At Scott AFB, Lang oversees 74 graduate medical education family medicine clinics. He provides nursing support and leadership to 35 physicians, eight clinical teams and nine specialty clinics that care for 24,000 patients annually. In addition to orchestrating disease management and specialty referrals with network providers, Lang also oversees preventive and post-deployment health assessment programs for 8,000 active duty members.


“I have always had a desire to help people and see people get well. I suffered from severe asthma as a child, with most of my childhood spent in a children’s hospital. I remember sleeping with oxygen next to my bed. There were nurses that stood out along the way, which ultimately formed my desire to assist others as they assisted me.

“As a co-op student in high school, I worked as a nurse’s aide. I eventually became an emergency medical technician (NREMT) and was certified a paramedic, at which point I enlisted in the United States Air Force. As a corpsman, I was able to continue my education, completing my ASN and BSN at the former Jewish Hospital School of Nursing.”


“As an air force nurse corps officer for 24 years, my nursing degree has afforded me many opportunities. I’ve done everything from pediatrics, neonatal critical care and air/ground transport, health promotion, education and training, among many others. “As a military nurse, I’ve seen the joys and sorrows of patients and their families. I’ve cared for the family of a 24-week premature infant after delivery and conjoined twins that shared a six-chambered heart. I’ve known the heartfelt appreciation of a wounded warrior returning from war. Each of these experiences creates a joy in knowing that in some small way, I’ve brought credit to my chosen profession, and the knowledge that I take care of our nation’s most valuable resource – our soldiers and their families.”


“Now at the end of my military career, I’ve been looking at how I can continue advancing the nursing profession. I believe the DNP/PhD program offered at Barnes-Jewish College affords me the opportunity to become a practice scientist. As a practice scientist, I will have the ability to create new knowledge that will benefit patients, families and the nursing profession in general. Upon graduating, I’d like to become rooted in nursing education and research.”


Cardiac ICU Staff Nurse, St. Louis Children’s Hospital


Jessica (Jessie) Basye traces her love for nursing back to her grandmother, who used to tell her interesting stories about her life as a nurse.

Basye began her career in the neonatal intensive care unit at St. Louis Children’s Hospital; now she is a staff nurse in the cardiac intensive care unit. While working at Children’s, she completed the RN to BSN program at Barnes-Jewish College.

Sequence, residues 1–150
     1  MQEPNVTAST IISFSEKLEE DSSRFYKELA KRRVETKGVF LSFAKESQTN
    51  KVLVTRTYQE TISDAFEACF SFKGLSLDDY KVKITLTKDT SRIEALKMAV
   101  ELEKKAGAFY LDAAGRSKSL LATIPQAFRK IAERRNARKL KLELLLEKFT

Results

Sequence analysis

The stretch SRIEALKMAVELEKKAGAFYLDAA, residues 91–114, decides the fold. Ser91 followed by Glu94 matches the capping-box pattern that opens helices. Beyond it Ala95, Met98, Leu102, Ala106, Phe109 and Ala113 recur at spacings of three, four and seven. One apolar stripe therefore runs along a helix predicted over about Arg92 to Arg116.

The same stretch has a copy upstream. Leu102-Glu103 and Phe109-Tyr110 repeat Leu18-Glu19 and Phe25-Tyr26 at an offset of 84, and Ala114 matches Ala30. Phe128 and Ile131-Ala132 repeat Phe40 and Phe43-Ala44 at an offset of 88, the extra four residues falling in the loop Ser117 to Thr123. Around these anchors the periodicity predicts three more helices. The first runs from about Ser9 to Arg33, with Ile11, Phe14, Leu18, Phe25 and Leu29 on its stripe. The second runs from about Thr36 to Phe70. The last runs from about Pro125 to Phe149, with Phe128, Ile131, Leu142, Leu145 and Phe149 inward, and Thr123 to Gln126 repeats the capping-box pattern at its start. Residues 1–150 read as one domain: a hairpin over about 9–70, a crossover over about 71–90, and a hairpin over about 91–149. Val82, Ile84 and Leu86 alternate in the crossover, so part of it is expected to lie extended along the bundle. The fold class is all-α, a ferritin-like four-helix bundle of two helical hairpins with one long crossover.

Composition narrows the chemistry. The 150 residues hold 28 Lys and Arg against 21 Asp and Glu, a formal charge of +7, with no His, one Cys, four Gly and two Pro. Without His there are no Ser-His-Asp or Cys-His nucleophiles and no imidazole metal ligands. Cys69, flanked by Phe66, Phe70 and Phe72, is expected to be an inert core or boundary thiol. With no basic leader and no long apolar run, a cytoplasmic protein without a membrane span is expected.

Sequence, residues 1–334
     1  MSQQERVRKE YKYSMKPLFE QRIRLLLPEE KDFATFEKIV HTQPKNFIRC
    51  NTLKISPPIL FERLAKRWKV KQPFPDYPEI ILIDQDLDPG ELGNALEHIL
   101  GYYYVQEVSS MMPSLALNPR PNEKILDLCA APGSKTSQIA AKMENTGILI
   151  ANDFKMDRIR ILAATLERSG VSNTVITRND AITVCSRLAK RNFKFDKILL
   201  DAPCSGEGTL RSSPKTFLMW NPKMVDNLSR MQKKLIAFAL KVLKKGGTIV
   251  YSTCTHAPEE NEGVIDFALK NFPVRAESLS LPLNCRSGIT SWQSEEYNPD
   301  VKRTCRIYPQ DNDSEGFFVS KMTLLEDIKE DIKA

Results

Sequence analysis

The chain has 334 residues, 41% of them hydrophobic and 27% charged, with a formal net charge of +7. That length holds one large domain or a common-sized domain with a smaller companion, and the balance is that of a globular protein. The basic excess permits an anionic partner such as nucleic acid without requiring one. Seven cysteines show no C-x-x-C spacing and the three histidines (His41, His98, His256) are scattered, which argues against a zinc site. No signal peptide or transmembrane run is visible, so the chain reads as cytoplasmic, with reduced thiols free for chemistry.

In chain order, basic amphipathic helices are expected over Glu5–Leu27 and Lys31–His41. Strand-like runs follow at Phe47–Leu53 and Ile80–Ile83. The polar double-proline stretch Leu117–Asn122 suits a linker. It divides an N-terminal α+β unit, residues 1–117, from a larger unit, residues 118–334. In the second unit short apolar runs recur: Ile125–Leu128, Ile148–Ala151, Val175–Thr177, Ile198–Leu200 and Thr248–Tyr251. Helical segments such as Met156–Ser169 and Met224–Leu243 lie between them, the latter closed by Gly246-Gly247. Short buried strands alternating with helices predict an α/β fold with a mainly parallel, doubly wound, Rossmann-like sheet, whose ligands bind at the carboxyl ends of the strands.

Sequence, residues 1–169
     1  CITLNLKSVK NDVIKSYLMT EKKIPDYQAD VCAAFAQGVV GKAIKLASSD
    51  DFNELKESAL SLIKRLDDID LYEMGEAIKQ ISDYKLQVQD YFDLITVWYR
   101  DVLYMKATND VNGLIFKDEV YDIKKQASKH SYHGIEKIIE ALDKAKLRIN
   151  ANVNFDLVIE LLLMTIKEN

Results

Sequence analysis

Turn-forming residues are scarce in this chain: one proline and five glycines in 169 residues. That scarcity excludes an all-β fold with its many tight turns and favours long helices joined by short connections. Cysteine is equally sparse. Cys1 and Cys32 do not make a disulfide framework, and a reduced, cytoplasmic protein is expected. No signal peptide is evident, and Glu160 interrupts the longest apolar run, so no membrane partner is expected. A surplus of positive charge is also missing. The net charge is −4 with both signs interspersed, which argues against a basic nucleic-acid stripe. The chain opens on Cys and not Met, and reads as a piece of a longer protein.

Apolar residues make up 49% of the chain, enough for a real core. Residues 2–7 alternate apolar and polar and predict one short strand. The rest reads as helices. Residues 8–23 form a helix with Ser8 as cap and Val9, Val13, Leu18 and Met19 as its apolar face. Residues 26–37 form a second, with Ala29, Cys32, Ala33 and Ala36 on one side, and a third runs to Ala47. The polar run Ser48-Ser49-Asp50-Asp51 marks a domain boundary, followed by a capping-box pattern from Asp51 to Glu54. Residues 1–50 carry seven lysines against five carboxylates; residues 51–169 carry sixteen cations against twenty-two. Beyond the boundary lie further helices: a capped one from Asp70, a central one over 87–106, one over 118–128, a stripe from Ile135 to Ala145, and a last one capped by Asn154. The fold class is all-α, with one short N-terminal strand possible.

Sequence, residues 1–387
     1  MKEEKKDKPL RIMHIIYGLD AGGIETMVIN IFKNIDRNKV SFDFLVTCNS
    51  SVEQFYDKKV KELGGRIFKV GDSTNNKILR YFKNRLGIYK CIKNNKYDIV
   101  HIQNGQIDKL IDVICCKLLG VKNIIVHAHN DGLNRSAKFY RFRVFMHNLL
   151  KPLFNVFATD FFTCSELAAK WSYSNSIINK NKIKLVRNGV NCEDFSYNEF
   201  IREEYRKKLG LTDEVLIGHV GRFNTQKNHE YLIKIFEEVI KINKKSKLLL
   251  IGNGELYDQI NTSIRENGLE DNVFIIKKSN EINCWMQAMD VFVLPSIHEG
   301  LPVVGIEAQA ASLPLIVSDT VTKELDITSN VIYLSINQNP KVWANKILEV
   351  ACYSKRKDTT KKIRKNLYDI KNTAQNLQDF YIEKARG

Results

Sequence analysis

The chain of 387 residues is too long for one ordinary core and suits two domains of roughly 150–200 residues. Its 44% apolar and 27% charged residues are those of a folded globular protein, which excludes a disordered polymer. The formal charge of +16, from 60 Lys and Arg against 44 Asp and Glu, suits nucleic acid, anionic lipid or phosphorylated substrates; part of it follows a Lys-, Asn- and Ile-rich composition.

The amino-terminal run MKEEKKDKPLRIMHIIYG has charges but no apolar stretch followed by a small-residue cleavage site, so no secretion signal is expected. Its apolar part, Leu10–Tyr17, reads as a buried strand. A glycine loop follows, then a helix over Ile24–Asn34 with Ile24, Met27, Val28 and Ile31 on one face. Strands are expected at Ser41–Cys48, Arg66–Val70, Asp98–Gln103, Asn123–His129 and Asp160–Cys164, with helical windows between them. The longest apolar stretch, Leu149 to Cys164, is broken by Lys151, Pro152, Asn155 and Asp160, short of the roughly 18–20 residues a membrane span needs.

Education has always been her passion, so she continued on to pursue the MSN Nurse Educator program. In addition to school and work, she currently works as a clinical instructor for another local university. “I love precepting – I love to share all the knowledge that I have to help students feel comfortable and safe,” she says. “I was always one of those students who felt very hesitant to ask questions. I strive to be one of those teachers whom students can ask anything and feel comfortable being around.”

In the future, Bayse plans to teach both didactic and clinical courses within pediatric nursing, and at the same time work part-time as a staff nurse to keep her clinical skills up to date. “As an educator, I feel it’s important to keep my clinical skills so that I can teach those skills to my students,” she says.


Oncology Nurse Practitioner, Washington University School of Medicine


A native of China, Suping Bao traded in her major in international business to become a nurse, and has come a long way since then.

After completing her BSN from Goldfarb School of Nursing at Barnes-Jewish College, Bao joined Barnes-Jewish Hospital as a staff nurse on the general medicine floor. Today, she is an adult nurse practitioner on the medical oncology floor, where she provides care and support for cancer patients.

Shortly after completing her BSN, Bao decided to continue on to the MSN Adult Nurse Practitioner program. During that time, she received a research fellowship* that enabled her to collect data from patients with Alzheimer’s disease and their respective caregivers about their perspectives about hospice and various end-of-life-issues.

It was while working on her master’s that she realized the potential of nursing research. “Through the education I received in the MSN program and with my fellowship, I realized research can expand my capacity to help people,” she says. “At that point my view came to a full circle.”

So when she heard of the integrated DNP/PhD program, she applied for it without hesitation. “I explain my reason for pursuing the DNP/PhD program by using the Yin and Yang philosophy. Yang is seemingly opposite to yin – but there is yin in yang, and yang in yin. Both complement each other and interact within a greater whole," she says.